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KALYMNOS is the island of sponge fishermen.

It is the fourth largest island in the Dodecanese archipelago, measuring about 111 sq. km (43 sq. miles). It lies between Kos and Leros and is surrounded by several small islets. Kalymnos is 338 km (210 miles) from the mainland gateway port city of Piraeus.

The people of Kalymnos, currently numbering about 15,500 year round reside, mostly in Pothia, have always relied on the sea for their living. The island is mostly barren and mountainous, harboring two small valleys full of citrus groves and plentiful aromatic plants, such as thyme, sage and oregano to which the excellent Kalymnos honey owes its fragrance. The impressive rocky crags make for ideal for rock climbing: Kalymnos is a famous rock climber's paradise, with organized venues and events. At the same time, the rough terrain makes it a difficult land to cultivate causing the Kalymnians to turn to the sea to eke out a living with many becoming fishermen and sponge divers. For centuries flotillas of boats would head out, beginning in local waters and then moving on to places like the Bays of Bengazi and Syrti, off the coast of Tunisia and Libya in North Africa, every year to dive for the then valuable sea sponges. Many of the divers were paralyzed or died as a result of those deep sea dives, and most women on the island were permanently clad in black, mourning the loss of loved ones; it was a hard and dangerous life. Many Kalymnians emmigrated to United States and settled on the Gulf Coast of Florida, mainly around Tarpon Springs, where they continued their sponge diving. Today Tarpon Springs and the nearby town of Saint Augustine are dominated by Greek-Americans of Kalymnian descent, although sponge diving is not their business these days. Kalymnos is believed to have been inhabited since the Neolithic period. Its first inhabitants appear to have been the Carians who came to the island from Caria in Asia Minor (present-day Turkey) who in turn were followed by the Cretans around 1100 B.C. The Dorians followed the Cretans and built a settlement named Argos. In the 5th century BC the Queen of Halicarnassus, named Artemesia, an ally of the Persians, occupied the island. Following the Persian Wars Kalymnos became part of the Athenian Alliance, which is when it forged its relationship with neighboring Kos. Later it was occupied by the Romans and at the end of the 13th century AD by the Genoese, along with the rest of the Dodecanese. It was at this time that the Castle of Chorio was built, as well as Pera Kastro (the "Far Castle"). The Knights of the Order of St. John who took control of the island in 1306 held it until 1522. When faced with the Ottoman onslaught, they withdrew to Rhodes to make their unsuccessful last stand at their home base of Rhodes town. The Ottoman occupation lasted nearly 400 years, until 1912 when the Italians moved in to occupy Kalymnos along with the rest of the Dodecanese islands. Kalymnos finally became a part of Greece in 1948 after the Axis powers were defeated during WWII.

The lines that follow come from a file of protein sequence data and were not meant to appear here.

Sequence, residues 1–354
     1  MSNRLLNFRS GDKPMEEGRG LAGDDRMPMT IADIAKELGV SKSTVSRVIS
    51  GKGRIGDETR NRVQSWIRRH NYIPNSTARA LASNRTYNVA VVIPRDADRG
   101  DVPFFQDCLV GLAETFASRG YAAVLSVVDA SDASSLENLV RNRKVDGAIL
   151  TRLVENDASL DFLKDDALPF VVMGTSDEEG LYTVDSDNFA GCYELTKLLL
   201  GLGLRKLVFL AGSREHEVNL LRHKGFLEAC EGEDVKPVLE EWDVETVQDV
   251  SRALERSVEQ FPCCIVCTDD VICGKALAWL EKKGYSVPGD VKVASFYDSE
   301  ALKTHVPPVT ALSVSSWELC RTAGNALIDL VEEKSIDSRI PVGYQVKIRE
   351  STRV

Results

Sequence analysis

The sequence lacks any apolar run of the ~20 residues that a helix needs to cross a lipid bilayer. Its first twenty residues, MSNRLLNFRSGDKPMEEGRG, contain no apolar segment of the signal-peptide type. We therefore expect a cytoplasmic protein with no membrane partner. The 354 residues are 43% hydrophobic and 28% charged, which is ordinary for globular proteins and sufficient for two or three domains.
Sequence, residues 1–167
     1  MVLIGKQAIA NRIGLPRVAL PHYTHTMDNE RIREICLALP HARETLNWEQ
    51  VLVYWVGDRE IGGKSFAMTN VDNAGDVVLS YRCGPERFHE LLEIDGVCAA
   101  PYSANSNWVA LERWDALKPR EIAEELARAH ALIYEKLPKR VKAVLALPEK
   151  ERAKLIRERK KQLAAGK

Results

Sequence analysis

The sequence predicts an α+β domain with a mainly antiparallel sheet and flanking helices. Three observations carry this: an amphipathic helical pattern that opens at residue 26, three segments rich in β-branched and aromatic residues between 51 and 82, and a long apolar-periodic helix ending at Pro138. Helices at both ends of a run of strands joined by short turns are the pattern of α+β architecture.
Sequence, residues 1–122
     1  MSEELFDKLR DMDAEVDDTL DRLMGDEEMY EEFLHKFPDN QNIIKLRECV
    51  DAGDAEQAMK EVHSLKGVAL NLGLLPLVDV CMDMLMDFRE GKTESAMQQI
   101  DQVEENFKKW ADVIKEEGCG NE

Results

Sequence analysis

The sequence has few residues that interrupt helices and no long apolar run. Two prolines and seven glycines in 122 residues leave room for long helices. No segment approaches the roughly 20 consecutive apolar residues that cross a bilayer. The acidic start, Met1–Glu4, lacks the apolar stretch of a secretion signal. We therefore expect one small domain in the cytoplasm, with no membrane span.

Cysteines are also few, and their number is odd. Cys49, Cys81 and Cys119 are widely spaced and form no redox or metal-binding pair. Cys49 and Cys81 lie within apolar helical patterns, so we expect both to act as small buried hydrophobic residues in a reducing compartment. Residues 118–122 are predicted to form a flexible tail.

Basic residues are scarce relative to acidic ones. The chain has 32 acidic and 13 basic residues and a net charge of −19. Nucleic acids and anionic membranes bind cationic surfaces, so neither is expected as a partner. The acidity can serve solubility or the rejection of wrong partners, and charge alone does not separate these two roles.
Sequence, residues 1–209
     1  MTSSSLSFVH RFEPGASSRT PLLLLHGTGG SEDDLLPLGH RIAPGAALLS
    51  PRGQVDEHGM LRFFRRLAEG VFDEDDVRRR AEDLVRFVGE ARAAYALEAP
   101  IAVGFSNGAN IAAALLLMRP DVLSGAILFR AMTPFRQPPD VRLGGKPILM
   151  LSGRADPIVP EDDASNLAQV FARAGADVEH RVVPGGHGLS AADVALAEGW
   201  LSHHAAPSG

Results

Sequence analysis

Present day Kalymnos offers the more adventurous traveler a plethora of options. Along with the usual pastime of 'bronzing' on the beach, as previously mentioned, there is an abundance of rock climbing. Other options include windsurfing, mountain biking, trekking, yachting and of course diving.

 

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